Truly though, Chrysler and some other manufacturers imported some bad steel from Japan in the late 70s. Problems with frames rusting out were common, something previously unheard of. Cars that had bad steel would rust, while different model year vehicles with the same design would be fine.
I hear you “oblivion” and agree…But, my response is two fold. First, I hold no car company responsible now for what they did in the 70’s. Secondly, the design of a vehicle in this day has much more to do with drain hole location and coating precision then the steel. There is so little difference in the amount of chromium and other alloys that, drainage becomes more important. All car manufacturers use minimal rust detering alloys and thickness as they can get away with.
My proof lies in the fact that the vast majority of rust accrues precisely in the lowest areas of immediate water collection pockets. If the steel were that bad, rust would occur everywhere due to exposure to the atmosphere and where poor under coating and paint methods were practice. They did, as you say, happen with earlier exposed frames, but still do today.
ANY car that I have ever owned from any manufacturer including early Subaru (the worst)Toyota, Mazda, Chevy and Ford “rust o matics”, I have been able to maintain rust free in any area I can get my oil wand to. That tells me it’s drainage and poor preparation of metals capable of rust to begin with. All car companies but a very few use body metals that rust…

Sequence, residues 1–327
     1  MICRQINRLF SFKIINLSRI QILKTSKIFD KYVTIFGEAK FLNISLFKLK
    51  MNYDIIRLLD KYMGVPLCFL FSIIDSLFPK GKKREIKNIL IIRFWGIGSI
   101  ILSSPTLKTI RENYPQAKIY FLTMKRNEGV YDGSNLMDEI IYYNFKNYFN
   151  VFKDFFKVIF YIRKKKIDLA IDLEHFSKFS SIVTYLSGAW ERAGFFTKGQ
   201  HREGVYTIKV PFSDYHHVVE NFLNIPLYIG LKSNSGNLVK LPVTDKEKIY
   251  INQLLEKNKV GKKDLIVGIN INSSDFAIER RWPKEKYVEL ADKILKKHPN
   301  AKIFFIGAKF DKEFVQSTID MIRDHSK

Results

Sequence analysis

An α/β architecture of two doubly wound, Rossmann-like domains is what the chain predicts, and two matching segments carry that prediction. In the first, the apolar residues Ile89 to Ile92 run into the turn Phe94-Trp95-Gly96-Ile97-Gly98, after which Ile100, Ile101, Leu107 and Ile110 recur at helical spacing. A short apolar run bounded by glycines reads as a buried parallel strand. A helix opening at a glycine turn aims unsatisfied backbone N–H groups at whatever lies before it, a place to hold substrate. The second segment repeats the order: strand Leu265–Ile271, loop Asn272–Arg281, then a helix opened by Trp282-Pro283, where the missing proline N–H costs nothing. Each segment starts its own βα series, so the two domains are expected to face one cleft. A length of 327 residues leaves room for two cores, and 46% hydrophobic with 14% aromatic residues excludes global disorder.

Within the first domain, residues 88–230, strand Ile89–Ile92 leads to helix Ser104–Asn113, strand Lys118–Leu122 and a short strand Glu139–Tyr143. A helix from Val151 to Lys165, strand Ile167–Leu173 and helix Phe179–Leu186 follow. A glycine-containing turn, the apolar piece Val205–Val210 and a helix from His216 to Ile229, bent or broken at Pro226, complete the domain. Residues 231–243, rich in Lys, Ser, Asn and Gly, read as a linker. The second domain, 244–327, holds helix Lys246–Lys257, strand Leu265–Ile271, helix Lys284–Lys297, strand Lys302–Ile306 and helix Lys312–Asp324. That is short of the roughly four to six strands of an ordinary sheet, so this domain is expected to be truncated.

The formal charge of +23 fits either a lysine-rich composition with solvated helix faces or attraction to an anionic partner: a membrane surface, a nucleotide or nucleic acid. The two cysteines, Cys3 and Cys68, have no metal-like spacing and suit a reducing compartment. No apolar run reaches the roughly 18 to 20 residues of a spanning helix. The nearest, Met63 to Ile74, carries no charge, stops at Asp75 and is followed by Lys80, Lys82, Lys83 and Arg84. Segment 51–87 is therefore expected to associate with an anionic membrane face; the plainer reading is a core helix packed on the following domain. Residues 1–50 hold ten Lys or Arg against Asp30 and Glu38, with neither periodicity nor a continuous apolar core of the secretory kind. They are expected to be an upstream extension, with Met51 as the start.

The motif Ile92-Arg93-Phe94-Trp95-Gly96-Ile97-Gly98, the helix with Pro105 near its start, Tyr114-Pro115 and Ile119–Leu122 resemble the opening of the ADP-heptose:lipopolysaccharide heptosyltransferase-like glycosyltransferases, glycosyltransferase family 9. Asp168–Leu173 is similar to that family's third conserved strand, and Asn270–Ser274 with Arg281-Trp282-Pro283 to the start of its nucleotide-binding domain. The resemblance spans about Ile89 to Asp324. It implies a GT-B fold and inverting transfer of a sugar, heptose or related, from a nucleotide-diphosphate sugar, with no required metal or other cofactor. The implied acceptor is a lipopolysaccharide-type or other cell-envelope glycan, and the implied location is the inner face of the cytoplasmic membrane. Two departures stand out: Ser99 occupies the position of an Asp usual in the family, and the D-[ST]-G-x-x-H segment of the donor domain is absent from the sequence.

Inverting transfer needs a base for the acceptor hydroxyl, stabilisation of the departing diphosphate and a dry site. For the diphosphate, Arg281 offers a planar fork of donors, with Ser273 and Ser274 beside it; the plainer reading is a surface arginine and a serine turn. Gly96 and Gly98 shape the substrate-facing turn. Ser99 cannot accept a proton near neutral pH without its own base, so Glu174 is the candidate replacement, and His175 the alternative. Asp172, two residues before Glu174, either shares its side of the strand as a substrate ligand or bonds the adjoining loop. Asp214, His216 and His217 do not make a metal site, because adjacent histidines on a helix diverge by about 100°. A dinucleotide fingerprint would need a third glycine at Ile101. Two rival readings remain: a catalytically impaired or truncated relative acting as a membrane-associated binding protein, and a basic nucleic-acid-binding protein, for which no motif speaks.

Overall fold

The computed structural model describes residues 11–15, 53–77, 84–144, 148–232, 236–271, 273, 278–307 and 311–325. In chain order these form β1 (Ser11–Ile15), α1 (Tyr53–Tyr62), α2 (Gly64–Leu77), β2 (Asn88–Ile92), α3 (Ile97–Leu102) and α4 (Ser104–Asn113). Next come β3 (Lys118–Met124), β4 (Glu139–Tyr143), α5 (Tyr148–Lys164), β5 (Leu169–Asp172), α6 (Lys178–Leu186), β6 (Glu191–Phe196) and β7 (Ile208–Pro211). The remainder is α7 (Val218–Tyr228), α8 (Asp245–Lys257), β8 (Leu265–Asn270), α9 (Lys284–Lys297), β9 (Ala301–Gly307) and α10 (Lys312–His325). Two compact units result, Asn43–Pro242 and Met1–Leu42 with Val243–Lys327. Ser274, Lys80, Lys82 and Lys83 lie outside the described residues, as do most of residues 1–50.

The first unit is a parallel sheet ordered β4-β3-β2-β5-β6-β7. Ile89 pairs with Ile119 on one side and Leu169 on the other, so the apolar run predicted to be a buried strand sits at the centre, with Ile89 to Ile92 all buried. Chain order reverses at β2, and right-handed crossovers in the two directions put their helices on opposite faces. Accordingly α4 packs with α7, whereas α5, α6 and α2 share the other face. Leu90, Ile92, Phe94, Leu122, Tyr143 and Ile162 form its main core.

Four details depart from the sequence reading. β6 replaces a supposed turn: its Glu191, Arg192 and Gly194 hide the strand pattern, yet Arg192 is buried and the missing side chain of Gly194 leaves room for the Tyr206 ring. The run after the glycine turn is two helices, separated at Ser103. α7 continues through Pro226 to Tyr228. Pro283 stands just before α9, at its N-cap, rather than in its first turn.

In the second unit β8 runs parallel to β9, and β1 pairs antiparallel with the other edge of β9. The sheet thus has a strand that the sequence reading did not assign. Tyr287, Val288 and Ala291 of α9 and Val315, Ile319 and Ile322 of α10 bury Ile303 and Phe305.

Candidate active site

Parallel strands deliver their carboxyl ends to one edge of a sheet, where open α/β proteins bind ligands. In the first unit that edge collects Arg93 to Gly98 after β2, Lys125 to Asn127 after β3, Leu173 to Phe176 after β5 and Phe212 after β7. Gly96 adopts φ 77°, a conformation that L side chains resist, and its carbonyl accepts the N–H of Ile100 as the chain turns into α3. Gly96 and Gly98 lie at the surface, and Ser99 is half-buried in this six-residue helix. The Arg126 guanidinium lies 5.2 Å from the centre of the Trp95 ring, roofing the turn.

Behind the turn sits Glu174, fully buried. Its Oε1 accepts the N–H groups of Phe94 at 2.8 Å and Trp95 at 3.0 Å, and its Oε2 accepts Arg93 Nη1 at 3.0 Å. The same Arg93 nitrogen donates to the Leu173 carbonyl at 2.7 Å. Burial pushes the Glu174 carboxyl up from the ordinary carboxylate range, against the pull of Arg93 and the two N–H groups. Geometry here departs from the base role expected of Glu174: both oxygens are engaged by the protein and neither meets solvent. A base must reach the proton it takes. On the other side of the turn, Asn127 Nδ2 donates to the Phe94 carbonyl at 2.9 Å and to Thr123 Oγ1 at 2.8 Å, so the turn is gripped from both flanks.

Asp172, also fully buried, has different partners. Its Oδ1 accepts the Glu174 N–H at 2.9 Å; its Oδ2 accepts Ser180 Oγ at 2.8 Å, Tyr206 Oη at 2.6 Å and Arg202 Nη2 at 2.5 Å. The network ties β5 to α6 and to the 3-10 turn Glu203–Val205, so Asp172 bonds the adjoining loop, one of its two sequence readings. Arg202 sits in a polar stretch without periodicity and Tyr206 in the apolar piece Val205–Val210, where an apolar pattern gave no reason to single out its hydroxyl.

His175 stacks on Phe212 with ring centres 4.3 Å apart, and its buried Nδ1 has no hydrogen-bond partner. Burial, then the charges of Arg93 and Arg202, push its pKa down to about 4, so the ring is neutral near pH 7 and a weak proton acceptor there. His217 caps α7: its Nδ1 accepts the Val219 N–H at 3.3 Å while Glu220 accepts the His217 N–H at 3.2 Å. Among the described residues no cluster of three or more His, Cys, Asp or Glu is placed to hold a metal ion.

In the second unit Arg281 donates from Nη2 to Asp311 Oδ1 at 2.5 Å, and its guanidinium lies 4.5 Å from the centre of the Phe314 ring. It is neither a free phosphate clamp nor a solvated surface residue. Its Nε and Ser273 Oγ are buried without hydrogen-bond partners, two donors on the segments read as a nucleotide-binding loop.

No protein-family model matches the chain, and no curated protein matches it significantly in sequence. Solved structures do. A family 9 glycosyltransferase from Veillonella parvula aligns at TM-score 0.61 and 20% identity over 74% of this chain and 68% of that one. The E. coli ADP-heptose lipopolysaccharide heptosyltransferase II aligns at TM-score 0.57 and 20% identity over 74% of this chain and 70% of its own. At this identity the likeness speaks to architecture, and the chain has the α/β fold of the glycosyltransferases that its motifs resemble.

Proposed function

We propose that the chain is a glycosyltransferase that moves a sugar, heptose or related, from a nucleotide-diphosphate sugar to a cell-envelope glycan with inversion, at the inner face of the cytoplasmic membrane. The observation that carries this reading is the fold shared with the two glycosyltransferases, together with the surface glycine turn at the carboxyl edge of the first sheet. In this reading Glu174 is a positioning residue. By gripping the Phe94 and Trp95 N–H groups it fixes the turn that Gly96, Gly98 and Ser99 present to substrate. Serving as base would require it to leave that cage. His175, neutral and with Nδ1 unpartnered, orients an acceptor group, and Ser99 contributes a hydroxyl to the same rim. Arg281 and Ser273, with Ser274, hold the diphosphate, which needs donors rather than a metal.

"…manufacturers imported some bad steel from Japan in the late 70s. "
I disagree. Automotive steel was quite sophisticated even then. And the Japanese were fully competitive in all aspect of steelmaking at that time. They made steel belted radials possible with their exceptional research and steelmaking capabilities.
Price controls of the Nixon administration were quite detrimental to the steel industry and the effects lasted many years.The domestic price controls together with the OPEC oil shortage was a real hardship for Detroit and all American industry and Detroit seemed to be the worst managed industry of all. Datsuns sold for $1,000 above the MSRP and the dealers would not take a 2 year old Cadillac as a trade in. Nixon put the Japanese and Chinese steel industries ahead of USS steel and caused the near capitulation of the domestic steel industry… Thankfully this thread is in the general topics.